5 Tips On Building Your Home Music Studio

top view of home studio music production equipment

During this era of quarantine, big stars are using their ‘free’ time to continue recording from the comfort (and safety) of their own homes. However, the truth is that many people can’t afford nor have the resources to create recording studios at the level these celebrities are, but that doesn’t make it impossible.

While many beginners may think they lack the talent or resources to do this on their own, it’s not impossible to build a home music studio on a budget. Here are some tips to follow:

  1. Keep Things Simple

It’s best to keep things simple, especially when building a home studio for the first time. There’s no need to overcomplicate what can remain simple because going this route can promote future failure. This piece of advice applies to all aspects of building a home studio, such as the following:

  • Buying equipment
  • Buying software
  • Setting up the space
  • Starting projects
  1. Watch The Price

It’s also important to watch how much money is being spent, not only because funds might be sparse, but also because it’s best to avoid being overwhelmed off the bat with expensive equipment. It’s also important not to buy something just because it has a cheaper price tag.

This is where taking the time to research different products comes in handy. Make sure to look at reviews, ask the opinion of those who’ve already purchased and used them, and know the specs of the equipment before buying.

What, then, is a good price range to stay in?  Well, that depends. At the end of the day, it will vary from person to person. At the lower end, a home studio can be set up for around $500. However, many who have done it before would not recommend spending that little.

Music rehearsal space with drum kit and musical equipment.
  1. Know What Equipment You Need

A home studio can be set up with under 10 pieces of equipment, including:

  • Computer (either laptop or desktop)
  • Monitors
  • Headphones
  • Microphones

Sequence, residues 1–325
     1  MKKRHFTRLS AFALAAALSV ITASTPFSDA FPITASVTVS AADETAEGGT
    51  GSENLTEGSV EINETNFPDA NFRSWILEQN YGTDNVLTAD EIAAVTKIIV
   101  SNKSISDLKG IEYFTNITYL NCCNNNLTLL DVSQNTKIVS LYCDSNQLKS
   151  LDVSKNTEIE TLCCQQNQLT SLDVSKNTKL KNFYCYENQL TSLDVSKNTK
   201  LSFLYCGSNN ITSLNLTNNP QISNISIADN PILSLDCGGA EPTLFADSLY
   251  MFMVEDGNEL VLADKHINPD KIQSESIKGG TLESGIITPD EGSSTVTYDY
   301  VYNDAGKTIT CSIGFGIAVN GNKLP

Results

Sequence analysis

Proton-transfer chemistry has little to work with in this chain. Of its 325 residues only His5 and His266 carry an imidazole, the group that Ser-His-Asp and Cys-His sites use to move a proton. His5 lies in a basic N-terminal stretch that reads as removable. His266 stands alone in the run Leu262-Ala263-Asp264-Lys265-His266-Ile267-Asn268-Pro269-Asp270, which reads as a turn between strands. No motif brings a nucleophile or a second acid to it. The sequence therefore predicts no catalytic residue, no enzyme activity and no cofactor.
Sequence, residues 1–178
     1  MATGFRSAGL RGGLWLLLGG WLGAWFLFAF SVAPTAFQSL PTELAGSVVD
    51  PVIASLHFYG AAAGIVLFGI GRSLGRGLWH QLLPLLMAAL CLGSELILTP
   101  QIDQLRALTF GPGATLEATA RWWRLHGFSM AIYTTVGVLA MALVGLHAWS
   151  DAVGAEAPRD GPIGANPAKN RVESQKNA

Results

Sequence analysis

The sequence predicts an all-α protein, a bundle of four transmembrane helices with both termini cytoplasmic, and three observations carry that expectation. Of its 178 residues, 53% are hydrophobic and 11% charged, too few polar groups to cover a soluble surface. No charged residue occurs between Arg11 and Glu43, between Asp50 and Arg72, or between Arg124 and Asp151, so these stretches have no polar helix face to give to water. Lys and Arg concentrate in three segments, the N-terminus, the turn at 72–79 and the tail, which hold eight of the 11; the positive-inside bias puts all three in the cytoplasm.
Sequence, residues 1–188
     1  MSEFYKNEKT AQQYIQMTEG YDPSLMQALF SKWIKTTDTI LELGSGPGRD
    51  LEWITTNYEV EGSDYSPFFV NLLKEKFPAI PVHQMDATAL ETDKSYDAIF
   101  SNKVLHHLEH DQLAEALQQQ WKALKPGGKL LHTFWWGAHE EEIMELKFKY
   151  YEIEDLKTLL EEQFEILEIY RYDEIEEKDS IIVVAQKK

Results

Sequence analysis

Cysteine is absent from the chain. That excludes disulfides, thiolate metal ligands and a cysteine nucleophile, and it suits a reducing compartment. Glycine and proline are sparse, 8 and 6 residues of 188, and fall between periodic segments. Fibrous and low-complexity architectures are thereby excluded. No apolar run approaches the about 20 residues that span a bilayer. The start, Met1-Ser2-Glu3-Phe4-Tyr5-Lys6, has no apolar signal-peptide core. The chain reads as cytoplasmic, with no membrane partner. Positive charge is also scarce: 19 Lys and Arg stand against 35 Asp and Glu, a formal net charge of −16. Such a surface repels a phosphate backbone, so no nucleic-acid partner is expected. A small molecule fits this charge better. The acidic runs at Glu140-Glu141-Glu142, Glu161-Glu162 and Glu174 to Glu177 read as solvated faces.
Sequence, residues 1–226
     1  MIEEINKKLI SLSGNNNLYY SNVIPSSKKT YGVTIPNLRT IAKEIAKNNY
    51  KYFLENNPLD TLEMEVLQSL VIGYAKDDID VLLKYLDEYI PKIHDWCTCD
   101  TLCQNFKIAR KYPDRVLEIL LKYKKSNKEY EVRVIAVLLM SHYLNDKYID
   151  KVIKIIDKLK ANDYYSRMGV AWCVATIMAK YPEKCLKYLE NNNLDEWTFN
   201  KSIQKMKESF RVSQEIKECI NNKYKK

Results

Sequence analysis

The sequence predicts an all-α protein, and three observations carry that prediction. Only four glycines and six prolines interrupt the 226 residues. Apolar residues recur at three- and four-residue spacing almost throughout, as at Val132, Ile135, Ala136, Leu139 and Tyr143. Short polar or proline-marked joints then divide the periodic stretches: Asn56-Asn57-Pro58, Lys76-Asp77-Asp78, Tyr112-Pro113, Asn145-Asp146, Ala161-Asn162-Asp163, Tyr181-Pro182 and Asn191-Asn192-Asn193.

• Microphone stand(s)
  • Pop filter or the mesh screen that covers a microphone and filters out ‘popping’ sounds
  • Cables (one for your microphone and two for your monitors)
  • Audio interface

As mentioned above, before purchasing these pieces of equipment, it’s important to research each one individually. Compare prices, like those of audio interfaces on GrooveboxStudios, and read reviews from previous purchasers before making any decisions.

  1. Set Up A Designated Space

Once you have purchased the pieces of equipment mentioned above are purchased, it’s time to choose what space in your house will be converted into a studio, and how that station is going to be set up in the chosen room.

The ideal room should fit into the following criteria:

  • Large in size (the larger, the better)
  • Quiet
  • Has a concrete, hardwood, or tile flooring because carpet can actually affect the acoustics
  • Has high ceilings
  • Has asymmetrical walls as much as possible

Because it’s your first time building a home studio and budget may be limited, some of these may need to be compromised, but it’s important to try and achieve as many of these criteria as possible.

After deciding which room to convert into a studio, it’s time to decide on the setup. Here are three popular studio setups:

  • Solo Setup: As the name suggests, this setup is best for those who’ll be working alone. The design itself puts you at the center of all the equipment.
  • Dual Setup: This set up allows recording with two (or more) people. It splits the room in half, with one station on each side of the room and equipment surrounding both those stations. The two stations would be where you and your partner will be seated.
  • Hybrid Setup: This setup can work for either a group or solo recording. It has the basic setup that the dual setup offers, but has the addition of some kind of remote that allows you to wirelessly press record, play, or stop.
  1. Software

In order to begin recording, it’s necessary to have some kind of DAW (digital audio workstation) software. DAW software will allow for recording, editing, and producing from home so that recording can be done even during quarantine. Many types of DAW software offer free trials, which you should be taking advantage of. These free trials can be used as test drives before committing to one software. These free trials can be used as test drives before committing to one software.

Conclusion

In five steps, and with the correct resources and tools, anyone can build their own in-home studio. All it takes are simplicity, proper budgeting, enough space, and the right pieces of equipment and software. People who desire to build a studio in the comfort of their own homes will have different needs as they have varying goals as well. So, you make sure to determine your unique preferences so you can come up with the best home studio for yourself!